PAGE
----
A further aspect involves the use of a virosome, a liposome, and at least one antigenic molecule for the manufacture of a pharmaceutical composition for treating and/or preventing a disease or disorder in a subject in need thereof including but not limited to viral, bacterial, fungal, parasite and prion infectious diseases, wherein the pharmaceutical composition is maintained at physiological pH. Preferably, the at least one antigenic molecule is entrapped in or bound to said liposome.

The viral infectious disease may for example be chosen from AIDS, AIDS Related Complex, Chickenpox (Varicella), Common cold, Cytomegalovirus Infection, Colorado tick fever, Dengue fever, Ebola haemorrhagic fever, Epidemic parotitis, Genital warts, Hand foot and mouth disease, Hepatitis, Herpes simplex, Herpes zoster, HPV, Influenza (Flu), Lassa fever, Measles, Marburg haemorrhagic fever, Infectious mononucleosis, Mumps, Poliomyelitis, Progressive multifocal leukencephalopathy, Rabies, Rubella, SARS, Smallpox (Variola), Viral encephalitis, Viral gastroenteritis, Viral meningitis, Viral pneumonia, West Nile disease, Yellow fever. These and other viral diseases are caused by RSV, Polioviruses, Rubella virus, Dengue virus, Flaviviridae, Coronaviridae, Reoviridae, Rabies virus, Paramyxoviridae (e.g., mumps virus, measles virus, respiratory syncytial virus, etc.), orthomyxoviridae (e.g., influenza virus types A, B and C, etc.), simian immunodeficiency virus (SIV), HAV, HBV, HCV, HDV, HEV, HPV, HSV, HIV, CMV, EBV, Polio virus, varicella.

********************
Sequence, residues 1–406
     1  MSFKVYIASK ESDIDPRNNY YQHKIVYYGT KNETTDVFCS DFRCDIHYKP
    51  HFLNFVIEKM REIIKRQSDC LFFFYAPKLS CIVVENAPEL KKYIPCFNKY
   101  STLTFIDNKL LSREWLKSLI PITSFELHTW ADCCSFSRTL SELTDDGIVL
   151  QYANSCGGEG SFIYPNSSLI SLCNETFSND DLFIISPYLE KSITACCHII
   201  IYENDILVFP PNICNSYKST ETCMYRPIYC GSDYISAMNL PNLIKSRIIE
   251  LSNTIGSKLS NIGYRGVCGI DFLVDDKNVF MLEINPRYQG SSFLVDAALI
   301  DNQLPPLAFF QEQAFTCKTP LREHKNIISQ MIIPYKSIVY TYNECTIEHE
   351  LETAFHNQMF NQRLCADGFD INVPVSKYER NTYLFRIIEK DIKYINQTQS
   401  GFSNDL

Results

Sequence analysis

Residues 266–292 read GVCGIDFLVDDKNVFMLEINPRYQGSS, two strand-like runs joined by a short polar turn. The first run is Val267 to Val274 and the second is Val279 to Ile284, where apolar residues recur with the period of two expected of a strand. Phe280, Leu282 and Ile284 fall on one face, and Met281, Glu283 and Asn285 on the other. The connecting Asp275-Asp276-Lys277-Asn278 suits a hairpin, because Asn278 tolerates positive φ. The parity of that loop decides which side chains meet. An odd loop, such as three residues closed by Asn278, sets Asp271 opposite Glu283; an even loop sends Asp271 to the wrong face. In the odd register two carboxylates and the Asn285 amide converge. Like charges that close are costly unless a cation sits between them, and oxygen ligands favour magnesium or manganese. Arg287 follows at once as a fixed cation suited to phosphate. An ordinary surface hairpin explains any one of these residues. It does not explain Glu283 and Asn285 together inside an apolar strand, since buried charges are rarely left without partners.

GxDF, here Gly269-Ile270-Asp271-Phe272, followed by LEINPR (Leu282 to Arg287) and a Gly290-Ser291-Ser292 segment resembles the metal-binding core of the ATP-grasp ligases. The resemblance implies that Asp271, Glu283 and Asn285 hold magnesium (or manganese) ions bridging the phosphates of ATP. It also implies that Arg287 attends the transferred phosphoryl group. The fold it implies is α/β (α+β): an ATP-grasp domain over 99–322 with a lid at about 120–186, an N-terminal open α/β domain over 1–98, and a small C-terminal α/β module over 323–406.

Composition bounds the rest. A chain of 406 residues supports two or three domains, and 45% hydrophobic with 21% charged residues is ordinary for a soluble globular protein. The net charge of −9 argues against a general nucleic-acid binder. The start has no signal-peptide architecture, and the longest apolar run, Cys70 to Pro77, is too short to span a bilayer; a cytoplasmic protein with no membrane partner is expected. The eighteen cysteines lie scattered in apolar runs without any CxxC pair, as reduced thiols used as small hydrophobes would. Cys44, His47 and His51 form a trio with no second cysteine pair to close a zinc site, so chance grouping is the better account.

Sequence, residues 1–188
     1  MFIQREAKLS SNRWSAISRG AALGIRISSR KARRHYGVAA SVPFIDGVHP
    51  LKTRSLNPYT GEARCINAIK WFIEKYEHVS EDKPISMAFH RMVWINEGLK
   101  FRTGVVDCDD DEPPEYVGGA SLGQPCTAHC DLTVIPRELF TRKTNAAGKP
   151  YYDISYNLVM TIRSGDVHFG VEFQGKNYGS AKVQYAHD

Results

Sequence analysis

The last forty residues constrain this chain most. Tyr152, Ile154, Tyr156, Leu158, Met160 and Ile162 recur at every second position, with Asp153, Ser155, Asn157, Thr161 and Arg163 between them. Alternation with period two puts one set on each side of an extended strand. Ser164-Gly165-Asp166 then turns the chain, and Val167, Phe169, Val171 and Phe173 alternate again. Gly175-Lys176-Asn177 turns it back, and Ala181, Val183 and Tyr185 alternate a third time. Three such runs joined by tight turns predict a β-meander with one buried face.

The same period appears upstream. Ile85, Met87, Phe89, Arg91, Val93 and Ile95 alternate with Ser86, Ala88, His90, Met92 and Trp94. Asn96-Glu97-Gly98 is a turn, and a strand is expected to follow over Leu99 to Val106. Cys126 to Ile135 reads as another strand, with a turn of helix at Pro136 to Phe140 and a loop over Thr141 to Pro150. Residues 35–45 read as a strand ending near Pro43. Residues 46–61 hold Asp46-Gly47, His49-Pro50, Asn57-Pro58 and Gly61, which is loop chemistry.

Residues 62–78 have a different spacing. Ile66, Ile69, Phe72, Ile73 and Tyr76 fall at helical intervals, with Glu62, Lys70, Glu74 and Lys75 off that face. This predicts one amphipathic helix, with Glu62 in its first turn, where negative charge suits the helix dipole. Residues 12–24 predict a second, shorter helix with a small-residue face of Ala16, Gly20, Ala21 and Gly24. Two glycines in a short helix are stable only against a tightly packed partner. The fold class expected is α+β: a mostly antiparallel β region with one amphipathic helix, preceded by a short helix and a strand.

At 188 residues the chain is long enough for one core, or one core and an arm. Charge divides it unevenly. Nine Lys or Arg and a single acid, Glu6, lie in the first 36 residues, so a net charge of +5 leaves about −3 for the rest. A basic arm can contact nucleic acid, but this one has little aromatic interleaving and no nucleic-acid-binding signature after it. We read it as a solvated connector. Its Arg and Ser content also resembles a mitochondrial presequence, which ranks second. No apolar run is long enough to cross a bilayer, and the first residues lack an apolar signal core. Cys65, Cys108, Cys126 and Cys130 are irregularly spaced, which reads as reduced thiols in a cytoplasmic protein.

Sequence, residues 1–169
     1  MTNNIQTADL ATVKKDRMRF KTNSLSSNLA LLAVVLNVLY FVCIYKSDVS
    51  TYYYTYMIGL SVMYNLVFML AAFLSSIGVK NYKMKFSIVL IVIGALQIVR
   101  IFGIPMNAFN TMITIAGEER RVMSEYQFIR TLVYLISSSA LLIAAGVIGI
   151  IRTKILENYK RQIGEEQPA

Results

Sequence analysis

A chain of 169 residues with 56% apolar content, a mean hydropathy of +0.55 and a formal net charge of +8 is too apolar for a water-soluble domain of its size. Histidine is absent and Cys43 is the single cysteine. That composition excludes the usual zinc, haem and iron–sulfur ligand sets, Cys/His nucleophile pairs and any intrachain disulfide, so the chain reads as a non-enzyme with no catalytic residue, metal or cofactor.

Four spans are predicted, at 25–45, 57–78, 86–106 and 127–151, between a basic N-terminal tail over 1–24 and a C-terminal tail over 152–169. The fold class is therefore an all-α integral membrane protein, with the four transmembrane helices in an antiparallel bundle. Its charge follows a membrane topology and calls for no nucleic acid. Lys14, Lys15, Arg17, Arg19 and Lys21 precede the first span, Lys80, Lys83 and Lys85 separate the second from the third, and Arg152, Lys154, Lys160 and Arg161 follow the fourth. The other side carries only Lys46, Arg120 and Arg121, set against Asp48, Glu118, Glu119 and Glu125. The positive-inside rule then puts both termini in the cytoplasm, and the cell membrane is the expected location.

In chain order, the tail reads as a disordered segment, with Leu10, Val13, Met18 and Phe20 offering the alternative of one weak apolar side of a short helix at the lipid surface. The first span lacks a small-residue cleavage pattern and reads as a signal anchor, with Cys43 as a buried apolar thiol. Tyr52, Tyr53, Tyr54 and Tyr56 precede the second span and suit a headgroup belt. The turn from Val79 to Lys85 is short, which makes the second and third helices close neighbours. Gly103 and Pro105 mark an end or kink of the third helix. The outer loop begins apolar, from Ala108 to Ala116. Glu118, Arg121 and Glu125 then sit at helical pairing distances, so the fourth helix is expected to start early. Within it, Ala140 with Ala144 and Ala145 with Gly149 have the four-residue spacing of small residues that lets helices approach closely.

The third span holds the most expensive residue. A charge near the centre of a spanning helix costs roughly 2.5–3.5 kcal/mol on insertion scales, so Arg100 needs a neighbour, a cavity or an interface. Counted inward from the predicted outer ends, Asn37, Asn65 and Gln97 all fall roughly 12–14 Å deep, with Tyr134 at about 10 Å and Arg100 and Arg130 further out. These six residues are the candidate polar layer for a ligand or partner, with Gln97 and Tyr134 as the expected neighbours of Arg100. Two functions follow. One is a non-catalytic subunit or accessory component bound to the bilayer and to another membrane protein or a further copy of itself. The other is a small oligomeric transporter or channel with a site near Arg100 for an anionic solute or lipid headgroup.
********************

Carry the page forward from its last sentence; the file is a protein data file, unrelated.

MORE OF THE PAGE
The bacterial infectious disease may for example be chosen from Anthrax, Bacterial Meningitis, Brucellosis, Campylobacteriosis, Cat Scratch Disease, Cholera, Diphtheria, Epidemic Typhus, Gonorrhea, Impetigo-Legionellosis, Leprosy (Hansen's Disease), Leptospirosis, Listeriosis, Lyme Disease, Melioidosis, meningitis, MRSA infection, Nocardiosis, Pertussis (Whooping Cough), Plague, Pneumococcal pneumonia, Psittacosis, Q fever, Rocky Mountain Spotted Fever (RMSF), Salmonellosis, Scarlet Fever, Shigellosis, Syphilis, Tetanus, Trachoma, Tuberculosis, Tularemia, Typhoid Fever, Typhus and Urinary Tract Infections. These and other bacterial diseases are caused by Corynebacterium diphtheriae, Clostridium tetani, Bordetella pertussis, Neisseria meningitidis, including serotypes Meningococcus A, B, C, Y and W135 (MenA, B, C, Y and W135 Haemophilus influenza type B (Hib), and Helicobacter pylori).

The fungal infectious disease may for example be chosen from Aspergillosis, Blastomycosis, Candidiasis, Coccidioidomycosis, Cryptococcosis, Histoplasmosis and Tinea pedis.